Saturday, 4 April 2009

Evolving community networks - the local level

I suspect there are a great deal of similarities between creating an e-learning commons and creating a community discussion forum. The differences between creating an e-learning and a community-based commons, however, are considerable. E-learning commons tend to involve a captive audience, whereas a community commons requires something more.

I must say that I blog because I like it. It helps me develop my thoughts in the quasi-public sphere. One of my favourite quotes explains the principle:
'[My blog is written] by myself and for myself - an author and audience of one' (Rolf Potts 'Vagabonding: An Uncommon Guide to the Art of Long-Term World Travel' 2002).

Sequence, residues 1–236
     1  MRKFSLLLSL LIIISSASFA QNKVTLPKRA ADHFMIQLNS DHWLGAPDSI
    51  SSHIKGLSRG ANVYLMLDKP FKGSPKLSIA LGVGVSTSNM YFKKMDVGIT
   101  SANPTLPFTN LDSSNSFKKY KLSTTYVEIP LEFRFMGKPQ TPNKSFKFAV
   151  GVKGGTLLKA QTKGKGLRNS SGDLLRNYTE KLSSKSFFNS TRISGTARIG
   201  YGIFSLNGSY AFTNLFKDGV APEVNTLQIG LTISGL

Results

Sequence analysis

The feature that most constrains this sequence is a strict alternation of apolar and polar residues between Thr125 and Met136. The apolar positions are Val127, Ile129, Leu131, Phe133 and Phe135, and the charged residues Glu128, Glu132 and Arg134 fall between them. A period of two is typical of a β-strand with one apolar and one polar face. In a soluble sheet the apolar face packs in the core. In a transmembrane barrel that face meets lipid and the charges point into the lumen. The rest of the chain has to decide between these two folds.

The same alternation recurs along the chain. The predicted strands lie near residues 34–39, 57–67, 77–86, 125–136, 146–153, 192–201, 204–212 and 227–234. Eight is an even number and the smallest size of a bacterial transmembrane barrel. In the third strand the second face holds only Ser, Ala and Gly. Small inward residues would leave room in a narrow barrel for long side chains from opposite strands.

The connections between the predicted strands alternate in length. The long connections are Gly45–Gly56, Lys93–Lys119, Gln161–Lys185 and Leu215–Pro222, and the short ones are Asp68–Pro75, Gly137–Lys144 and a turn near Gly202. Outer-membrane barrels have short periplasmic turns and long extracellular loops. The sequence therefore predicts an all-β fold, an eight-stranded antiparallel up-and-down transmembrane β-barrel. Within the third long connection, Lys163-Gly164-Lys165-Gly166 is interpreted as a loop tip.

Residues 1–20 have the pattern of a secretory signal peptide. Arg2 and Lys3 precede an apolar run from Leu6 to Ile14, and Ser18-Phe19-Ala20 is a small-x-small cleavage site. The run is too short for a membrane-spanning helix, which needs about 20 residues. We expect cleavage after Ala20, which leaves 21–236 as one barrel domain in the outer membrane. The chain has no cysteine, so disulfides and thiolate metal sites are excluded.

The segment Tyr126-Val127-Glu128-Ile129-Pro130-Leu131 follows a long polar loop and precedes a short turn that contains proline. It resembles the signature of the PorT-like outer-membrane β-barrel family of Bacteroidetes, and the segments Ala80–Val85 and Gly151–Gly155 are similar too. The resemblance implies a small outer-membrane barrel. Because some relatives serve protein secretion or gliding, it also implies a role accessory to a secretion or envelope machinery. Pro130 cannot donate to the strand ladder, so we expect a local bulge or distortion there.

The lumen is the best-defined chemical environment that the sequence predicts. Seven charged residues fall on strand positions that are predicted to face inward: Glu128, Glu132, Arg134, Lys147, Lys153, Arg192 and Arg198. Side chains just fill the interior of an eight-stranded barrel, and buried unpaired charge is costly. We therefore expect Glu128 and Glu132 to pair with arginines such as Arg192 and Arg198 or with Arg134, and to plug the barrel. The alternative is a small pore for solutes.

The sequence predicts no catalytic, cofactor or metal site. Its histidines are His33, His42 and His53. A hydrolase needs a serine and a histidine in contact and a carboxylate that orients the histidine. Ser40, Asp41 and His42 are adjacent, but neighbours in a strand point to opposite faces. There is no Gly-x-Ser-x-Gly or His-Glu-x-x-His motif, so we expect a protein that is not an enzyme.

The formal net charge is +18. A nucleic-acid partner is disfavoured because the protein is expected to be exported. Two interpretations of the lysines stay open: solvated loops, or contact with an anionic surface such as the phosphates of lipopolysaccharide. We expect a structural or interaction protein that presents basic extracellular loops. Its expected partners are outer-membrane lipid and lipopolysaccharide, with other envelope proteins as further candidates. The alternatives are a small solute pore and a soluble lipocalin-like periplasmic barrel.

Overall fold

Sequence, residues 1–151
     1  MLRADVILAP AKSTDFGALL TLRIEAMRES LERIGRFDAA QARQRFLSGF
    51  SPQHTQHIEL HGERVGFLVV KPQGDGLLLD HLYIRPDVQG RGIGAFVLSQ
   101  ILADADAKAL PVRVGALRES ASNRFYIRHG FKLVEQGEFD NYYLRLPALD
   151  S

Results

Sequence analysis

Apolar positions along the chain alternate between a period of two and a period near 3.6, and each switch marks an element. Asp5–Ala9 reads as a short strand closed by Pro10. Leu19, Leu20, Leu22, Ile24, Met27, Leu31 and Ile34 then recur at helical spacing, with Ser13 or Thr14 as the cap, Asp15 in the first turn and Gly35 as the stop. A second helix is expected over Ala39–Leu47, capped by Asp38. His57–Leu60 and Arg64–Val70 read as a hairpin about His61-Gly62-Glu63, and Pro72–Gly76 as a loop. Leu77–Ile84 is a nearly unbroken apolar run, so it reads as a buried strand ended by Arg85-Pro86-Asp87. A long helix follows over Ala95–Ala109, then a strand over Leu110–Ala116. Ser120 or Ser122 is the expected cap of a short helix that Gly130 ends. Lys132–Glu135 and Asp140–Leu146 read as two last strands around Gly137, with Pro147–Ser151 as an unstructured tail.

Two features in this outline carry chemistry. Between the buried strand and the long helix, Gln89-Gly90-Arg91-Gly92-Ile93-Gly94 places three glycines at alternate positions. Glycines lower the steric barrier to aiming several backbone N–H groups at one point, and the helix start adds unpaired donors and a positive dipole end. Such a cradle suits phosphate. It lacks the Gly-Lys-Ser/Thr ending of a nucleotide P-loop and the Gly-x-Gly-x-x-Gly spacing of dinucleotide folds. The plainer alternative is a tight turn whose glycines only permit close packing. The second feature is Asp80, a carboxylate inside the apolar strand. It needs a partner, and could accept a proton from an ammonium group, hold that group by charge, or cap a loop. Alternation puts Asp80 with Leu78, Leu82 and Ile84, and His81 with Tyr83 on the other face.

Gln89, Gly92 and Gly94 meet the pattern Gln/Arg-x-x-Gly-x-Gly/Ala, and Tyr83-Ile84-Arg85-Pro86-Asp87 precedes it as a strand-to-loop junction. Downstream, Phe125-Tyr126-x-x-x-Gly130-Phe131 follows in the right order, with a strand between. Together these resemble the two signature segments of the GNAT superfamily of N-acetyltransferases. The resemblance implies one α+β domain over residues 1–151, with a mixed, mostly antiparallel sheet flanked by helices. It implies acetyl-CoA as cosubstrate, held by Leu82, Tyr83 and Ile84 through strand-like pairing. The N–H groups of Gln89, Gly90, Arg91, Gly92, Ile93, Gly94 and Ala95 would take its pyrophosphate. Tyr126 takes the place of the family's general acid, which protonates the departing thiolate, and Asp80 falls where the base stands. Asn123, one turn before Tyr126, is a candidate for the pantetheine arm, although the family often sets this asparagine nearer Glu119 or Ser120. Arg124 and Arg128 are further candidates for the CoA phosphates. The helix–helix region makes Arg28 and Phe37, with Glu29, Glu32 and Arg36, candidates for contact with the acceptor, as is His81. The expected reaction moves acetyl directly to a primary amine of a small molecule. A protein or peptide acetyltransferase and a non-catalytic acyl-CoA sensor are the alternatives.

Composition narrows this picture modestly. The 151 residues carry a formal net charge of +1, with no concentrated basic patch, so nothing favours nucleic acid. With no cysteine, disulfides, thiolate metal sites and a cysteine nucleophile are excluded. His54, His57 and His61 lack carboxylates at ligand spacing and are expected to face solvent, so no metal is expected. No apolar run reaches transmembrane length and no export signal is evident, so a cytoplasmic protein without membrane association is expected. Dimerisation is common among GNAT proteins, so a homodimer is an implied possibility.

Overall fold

Nevertheless, a lone voice is hardly the same as a community commons. Recently, I stumbled upon a local community commons which I find to be quite useful: Check it out here.

Anyway, enough procrastinating, the history of the Canadian television industry awaits!

Creative Commons License Except where indicated otherwise, Le Flâneur Politique by Michael de Percy is licensed under a Creative Commons Attribution-Noncommercial-Share Alike 2.5 Australia License. Based on a work at politicalscience.com.au. Background image ©Depositphotos.com/ @redshinestudio